One of the advantages (and there were many) of my month long stay in the Dordogne this summer was that we managed to sample more than enough of the delicious local wine. Most of the restaurants and bars in the region support the local wineries, so if you took a liking to any of them you could quite easily track them down via Google Maps. Tiny little signs hidden amongst the vines allow you to meander up to find the wine producers in their own homes or wineries and most offered “degustations”. Try and avoid the sacred two hours they take off for lunch every day from midday to two-ish…it’s a good life.
Who knew that Bergerac wine was so delicious? It’s generally under the radar compared to the big brother Bordeaux wines, but the Bergerac wine growers produce some of the best value wine in France. Up until now, I have been a fan of almost exclusively New Zealand Sauvignon Blanc, so imagine my delight when I found a wide variety of dry white wines with interesting fruity flavours at a 10th of the price!
I’ve done what any sensible holiday maker would do and waited until I got home before filing my report because, like so many things on holiday (relationships, summer clothing bought from markets, music, local pottery, rosé…), they tend not to travel well and become a bit of an embarrassment when you get back home. But, to my relief, the white wines, whilst relatively young, remain crisp and refreshing.
The Bergerac wine growing region, a sub-region of South West France has the same conditions and climate as the famous and highly coveted wine blend of Bordeaux. The success of Bordeaux is mainly down to it’s location…and of course Bergerac being so close, shares the ideal climate and soil for growing grapes. Bergerac has the same excellent drainage, very near the Dordogne river with a mild climate and lots of sunshine. From May to August they get over 200 hours of sunshine a month, dry weather in September concentrates the grape aromas and in October, which provides moderate humidity, (which helps develop the noble rot that is vital for the dessert wines), whilst the November and December rain replenishes the soil water reserve. Bordeaux became more well known mainly because it was able to capitalise on the fact that it served as a major port city for centuries.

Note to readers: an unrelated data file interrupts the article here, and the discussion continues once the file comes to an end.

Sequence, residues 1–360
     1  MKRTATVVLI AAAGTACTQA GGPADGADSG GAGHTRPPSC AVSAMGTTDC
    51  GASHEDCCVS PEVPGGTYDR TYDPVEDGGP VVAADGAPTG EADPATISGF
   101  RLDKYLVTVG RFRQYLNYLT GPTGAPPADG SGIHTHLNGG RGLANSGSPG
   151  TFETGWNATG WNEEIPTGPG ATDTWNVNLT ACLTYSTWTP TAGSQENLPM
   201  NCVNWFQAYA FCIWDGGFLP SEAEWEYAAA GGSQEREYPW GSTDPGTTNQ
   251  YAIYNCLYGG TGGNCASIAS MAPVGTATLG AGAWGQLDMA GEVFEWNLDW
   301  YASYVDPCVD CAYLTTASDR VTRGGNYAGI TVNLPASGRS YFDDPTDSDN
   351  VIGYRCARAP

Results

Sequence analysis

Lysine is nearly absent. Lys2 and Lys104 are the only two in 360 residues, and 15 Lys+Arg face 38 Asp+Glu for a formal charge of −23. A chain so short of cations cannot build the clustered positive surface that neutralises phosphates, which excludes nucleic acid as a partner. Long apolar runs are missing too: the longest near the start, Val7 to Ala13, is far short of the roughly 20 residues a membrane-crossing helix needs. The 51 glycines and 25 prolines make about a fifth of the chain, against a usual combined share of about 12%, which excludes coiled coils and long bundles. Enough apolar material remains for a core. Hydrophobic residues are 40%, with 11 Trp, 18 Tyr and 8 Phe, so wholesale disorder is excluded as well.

The name Bordeaux is primarily associated with the red wine blend – generally Cabernet Sauvignon and Merlot blends. In Bergerac they have some extremely good reds, but not one’s that would compare with a St Emillion or a Margaux so they mainly focus their marketing on dry white wines and the very sweet Monbazillac dessert wines, known for their intensely aromatic and powerful flavours that you can only drink in small doses. The white wines are mainly a blend of Semillon, with Sauvignon Blanc, Sauvignion Gris and Muscadelle grapes.
The locals tend to buy it in boxes directly from the growers and then transfer it to sealable bottles or carafes for serving, which makes it even cheaper and more environmentally friendly too!
Bergerac wines are classified into 13 white and red AOC produced in 90 villages. It’s confusing. We went to one vineyard that is actually divided between Bergerac and Cotes de Duras regions. I do not really understand.
There are seven main wine areas in the pays de Bergerac:
1. Parcharment – best red’s
2. Monbazillac – sweet white’s
3. Cotes de Bergerac – rich full-bodied wine blend and semi-sweet wine
4. Bergerac – red and rosé
5. Montravel – red and dry white wines
6. Saussinac – sweet white
7. Rosette – sweet white wines
Chateau de la Jaubertie (they don’t seem to have a website) is one of the more grand vineyards with delicious wine in the region. They also had my favourite sparkling rosé for only £10 a bottle:-
I went with my kids to a wine tasting near Bergerac airport at the Verdots vineyard “un site unique au coeur des vignes” complete with a fascinating cellar sporting an underground river that helps keep the barrels cool. They have an impressive range – I bought some of their AOC Bergerac Blanc Sec, extremely good for the price:-
Monbazillac produces one of the most highly reputed dessert wines in the world from the village of Monbazillac and and has a beautiful Chateau de Monbazillac, a listed historical monument dating back to the 16th century. The appellation covers 4,900 acres of vineyards and and they also have a fab night market on a Sunday evening in the summer where everyone chooses their food from local stalls and then sets up shop on long tressle tables – a real family affair:-
The local rosé is quite different to the Provence rosés, darker in colour and less complex flavours (ie no candy floss Whispering Angel flavours).
My favourite local white wine was in a box that I found in the local supermarché that was £12 for 5 bottles essentially. Called La Tuilerie and grown locally (but actually labelled as a Côtes de Duras wine) so we went in search of the Domaine de La Tuilerie in the Côtes de Duras à Loubes-Bernac and interrupted their lunch…so you can see that they range from the Grand Chateau’s to small warehouses where they mostly only take cash and don’t have a website…but don’t judge – the wine they produce is delicious!
Another great red and white is from the Brandeaux estate – again very inexpensive and this is the one that produces both wine from Bergerac and the Côtes de Duras on one estate with a discernible difference in flavours:-